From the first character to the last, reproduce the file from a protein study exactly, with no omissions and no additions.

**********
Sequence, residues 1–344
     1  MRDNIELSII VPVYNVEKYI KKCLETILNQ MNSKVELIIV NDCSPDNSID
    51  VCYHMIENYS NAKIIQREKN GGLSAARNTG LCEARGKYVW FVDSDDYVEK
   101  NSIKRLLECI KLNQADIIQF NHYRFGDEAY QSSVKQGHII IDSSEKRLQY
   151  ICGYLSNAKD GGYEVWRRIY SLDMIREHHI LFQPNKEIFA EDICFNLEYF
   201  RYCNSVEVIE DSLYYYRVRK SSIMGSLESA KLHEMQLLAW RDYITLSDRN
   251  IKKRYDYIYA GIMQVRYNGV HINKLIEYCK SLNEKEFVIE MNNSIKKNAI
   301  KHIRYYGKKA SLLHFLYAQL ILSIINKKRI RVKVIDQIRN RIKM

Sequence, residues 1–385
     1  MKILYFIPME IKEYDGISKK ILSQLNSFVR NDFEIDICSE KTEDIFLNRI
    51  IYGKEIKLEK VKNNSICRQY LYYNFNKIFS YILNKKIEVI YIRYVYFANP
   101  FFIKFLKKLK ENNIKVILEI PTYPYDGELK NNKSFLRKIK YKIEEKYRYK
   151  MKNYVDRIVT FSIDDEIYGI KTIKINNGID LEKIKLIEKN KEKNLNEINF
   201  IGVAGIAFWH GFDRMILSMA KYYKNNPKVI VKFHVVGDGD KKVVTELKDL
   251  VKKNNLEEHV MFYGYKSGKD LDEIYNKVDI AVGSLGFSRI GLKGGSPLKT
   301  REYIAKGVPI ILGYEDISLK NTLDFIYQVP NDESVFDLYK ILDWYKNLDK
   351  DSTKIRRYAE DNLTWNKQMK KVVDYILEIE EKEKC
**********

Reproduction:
Sequence, residues 1–344
     1  MRDNIELSII VPVYNVEKYI KKCLETILNQ MNSKVELIIV NDCSPDNSID
    51  VCYHMIENYS NAKIIQREKN GGLSAARNTG LCEARGKYVW FVDSDDYVEK
   101  NSIKRLLECI KLNQADIIQF NHYRFGDEAY QSSVKQGHII IDSSEKRLQY
   151  ICGYLSNAKD GGYEVWRRIY SLDMIREHHI LFQPNKEIFA EDICFNLEYF
   201  RYCNSVEVIE DSLYYYRVRK SSIMGSLESA KLHEMQLLAW RDYITLSDRN
   251  IKKRYDYIYA GIMQVRYNGV HINKLIEYCK SLNEKEFVIE MNNSIKKNAI
   301  KHIRYYGKKA SLLHFLYAQL ILSIINKKRI RVKVIDQIRN RIKM

Sequence, residues 1–385
     1  MKILYFIPME IKEYDGISKK ILSQLNSFVR NDFEIDICSE KTEDIFLNRI
    51  IYGKEIKLEK VKNNSICRQY LYYNFNKIFS YILNKKIEVI YIRYVYFANP
   101  FFIKFLKKLK ENNIKVILEI PTYPYDGELK NNKSFLRKIK YKIEEKYRYK
   151  MKNYVDRIVT FSIDDEIYGI KTIKINNGID LEKIKLIEKN KEKNLNEINF
   201  IGVAGIAFWH GFDRMILSMA KYYKNNPKVI VKFHVVGDGD KKVVTELKDL
   251  VKKNNLEEHV MFYGYKSGKD LDEIYNKVDI AVGSLGFSRI GLKGGSPLKT
   301  REYIAKGVPI ILGYEDISLK NTLDFIYQVP NDESVFDLYK ILDWYKNLDK
   351  DSTKIRRYAE DNLTWNKQMK KVVDYILEIE EKEKC